I feel a cool wind breezing through the sun-shot morning air out of Provo Canyon. It may have begun warm, then cooled across a couple miles of Deer Creek snowmelt. Or it may have fingered through the icy folds of Bridal Veil Falls before brushing across my ear. It may be the first breath of autumn with a shy whispered secret for the reluctant summer sun. You see, you can write poetic as all get-out when you don’t have a clue how weather works.
I’m helping direct parking at the Timpanogos Storytelling Festival in the mouth of Provo Canyon. (For those Meridian readers far afield or far aspace who might be unfamiliar with this portion of the galaxy, Provo Canyon is this canyon in Utah, which is one of the political units characteristic of Planet Earth. You may have read in the last few days about the star being eaten by the black hole?
We can’t tell for sure from here, but it’s likely that the star’s planet system went with it. Backstage Graffiti lost a lot of readers that day. ((Oh wait, the Meridian Editors assure me that “that day” was 3.8 billions years ago—so I guess my readership is still holding steady at somewhere just shy of infinity. Whew! (((In the eighth grade I was in love with Christine Welch, who spent her summers at the library reading lots of books. Once in a conversation with me she actually spoke aloud the word “whew” and it made me wonder if maybe she was reading too much.))) )) )
Well, not exactly the mouth of Provo Canyon—really sort of where the soft palate would be if we didn’t drop the metaphor right where we stand (I’m standing to affect the appearance of doing my parking job—this column is being pencilled on a legal pad), not unlike a hot potato.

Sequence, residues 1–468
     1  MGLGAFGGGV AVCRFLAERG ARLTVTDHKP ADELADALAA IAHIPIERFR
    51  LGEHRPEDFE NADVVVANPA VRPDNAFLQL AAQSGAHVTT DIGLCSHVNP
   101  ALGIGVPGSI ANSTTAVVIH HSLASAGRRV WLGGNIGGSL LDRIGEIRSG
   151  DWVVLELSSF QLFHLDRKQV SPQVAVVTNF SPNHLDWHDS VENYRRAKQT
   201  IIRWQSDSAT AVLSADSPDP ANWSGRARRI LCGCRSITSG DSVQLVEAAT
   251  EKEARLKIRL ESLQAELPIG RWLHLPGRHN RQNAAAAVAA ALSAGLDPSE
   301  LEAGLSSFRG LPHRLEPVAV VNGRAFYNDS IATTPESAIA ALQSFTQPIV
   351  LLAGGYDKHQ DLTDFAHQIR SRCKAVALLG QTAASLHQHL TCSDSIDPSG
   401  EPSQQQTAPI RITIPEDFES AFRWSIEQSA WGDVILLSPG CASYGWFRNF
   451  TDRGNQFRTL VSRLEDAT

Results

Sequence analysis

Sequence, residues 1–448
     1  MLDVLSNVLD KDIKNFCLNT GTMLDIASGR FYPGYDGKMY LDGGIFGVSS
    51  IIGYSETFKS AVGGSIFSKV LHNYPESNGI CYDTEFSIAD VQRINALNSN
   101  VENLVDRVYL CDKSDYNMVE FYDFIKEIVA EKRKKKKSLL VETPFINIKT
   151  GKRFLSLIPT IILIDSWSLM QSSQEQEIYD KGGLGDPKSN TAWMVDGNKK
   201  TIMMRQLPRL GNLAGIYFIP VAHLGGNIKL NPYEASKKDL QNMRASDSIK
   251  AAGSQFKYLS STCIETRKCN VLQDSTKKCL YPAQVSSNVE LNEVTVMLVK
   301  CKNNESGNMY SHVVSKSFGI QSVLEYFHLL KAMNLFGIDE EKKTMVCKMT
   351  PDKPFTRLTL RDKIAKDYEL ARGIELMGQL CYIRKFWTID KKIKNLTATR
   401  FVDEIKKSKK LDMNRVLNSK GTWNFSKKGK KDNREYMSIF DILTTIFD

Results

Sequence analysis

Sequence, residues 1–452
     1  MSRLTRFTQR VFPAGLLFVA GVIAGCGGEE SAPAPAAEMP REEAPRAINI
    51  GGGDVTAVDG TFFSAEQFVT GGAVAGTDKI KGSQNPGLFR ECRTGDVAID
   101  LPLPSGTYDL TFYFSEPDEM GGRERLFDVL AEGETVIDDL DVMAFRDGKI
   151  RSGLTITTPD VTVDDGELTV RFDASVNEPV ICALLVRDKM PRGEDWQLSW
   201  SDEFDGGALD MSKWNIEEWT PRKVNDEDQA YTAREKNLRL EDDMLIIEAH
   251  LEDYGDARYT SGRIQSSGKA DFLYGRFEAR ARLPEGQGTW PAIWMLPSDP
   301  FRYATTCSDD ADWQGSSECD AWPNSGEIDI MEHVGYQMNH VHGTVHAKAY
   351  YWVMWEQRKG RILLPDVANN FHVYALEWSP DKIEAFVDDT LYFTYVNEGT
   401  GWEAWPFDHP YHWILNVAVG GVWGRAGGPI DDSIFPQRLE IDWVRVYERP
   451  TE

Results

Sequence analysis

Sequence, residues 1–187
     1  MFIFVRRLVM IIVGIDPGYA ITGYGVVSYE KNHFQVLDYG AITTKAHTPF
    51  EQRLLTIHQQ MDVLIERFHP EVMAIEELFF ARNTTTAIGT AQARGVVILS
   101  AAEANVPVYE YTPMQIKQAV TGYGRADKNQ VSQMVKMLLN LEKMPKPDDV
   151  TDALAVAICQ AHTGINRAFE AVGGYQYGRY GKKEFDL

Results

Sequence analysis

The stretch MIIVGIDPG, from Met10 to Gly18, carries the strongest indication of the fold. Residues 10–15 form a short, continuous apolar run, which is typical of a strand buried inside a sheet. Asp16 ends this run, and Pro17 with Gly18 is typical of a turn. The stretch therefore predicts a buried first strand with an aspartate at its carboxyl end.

The Festival is a wonderful, wonderful thing. I began my association with this nationally-acclaimed institution a quarter-century ago when I told The Planemaker (“a magical story with songs”) in Karen Ashton’s backyard. Now I’m parking cars in exchange for my ticket to listen.
Cheerfully. I get to wear an orange vest and a radio! Just kidding. I really do get to wear the vest and radio (gotta communicate with my parking collaborators down at the main gate, ‘cause they’re the ones checking recommends and I don’t want to park somebody that’s unworthy), but I mean “cheerfully” because that ticket is well worth sacrificing for. Others have sacrificed much more. They’ve gotten jobs.
Don’t get me wrong, it isn’t all sackcloth and ashes out here in the lot—I just did Boo Dog through somebody’s window to the delighted kids in the back seat. (The most delighted kid was twenty-three.)
I run into a lot of my artist friends at this festival. I had a nice visit over some sort of Brazilian food with Rick Walton, who’s highly regarded throughout most of Meridian Magazine’s colossal reach as a writer of terrific children’s picture books. Mostly we talked about the lot of artists in society (and believe me, there are a lot of artists in society). I reported to Rick that I was trying to bankroll a new CD and he pointed out that most banks are pretty tough to roll, being rectangular and all. So he’s got me keeping a sharp eye out for a spherical bank. (If you see one, you know where to find me. If you are one, you might want to pick up some Dramamine, ‘cause I’m rollin’ ya.)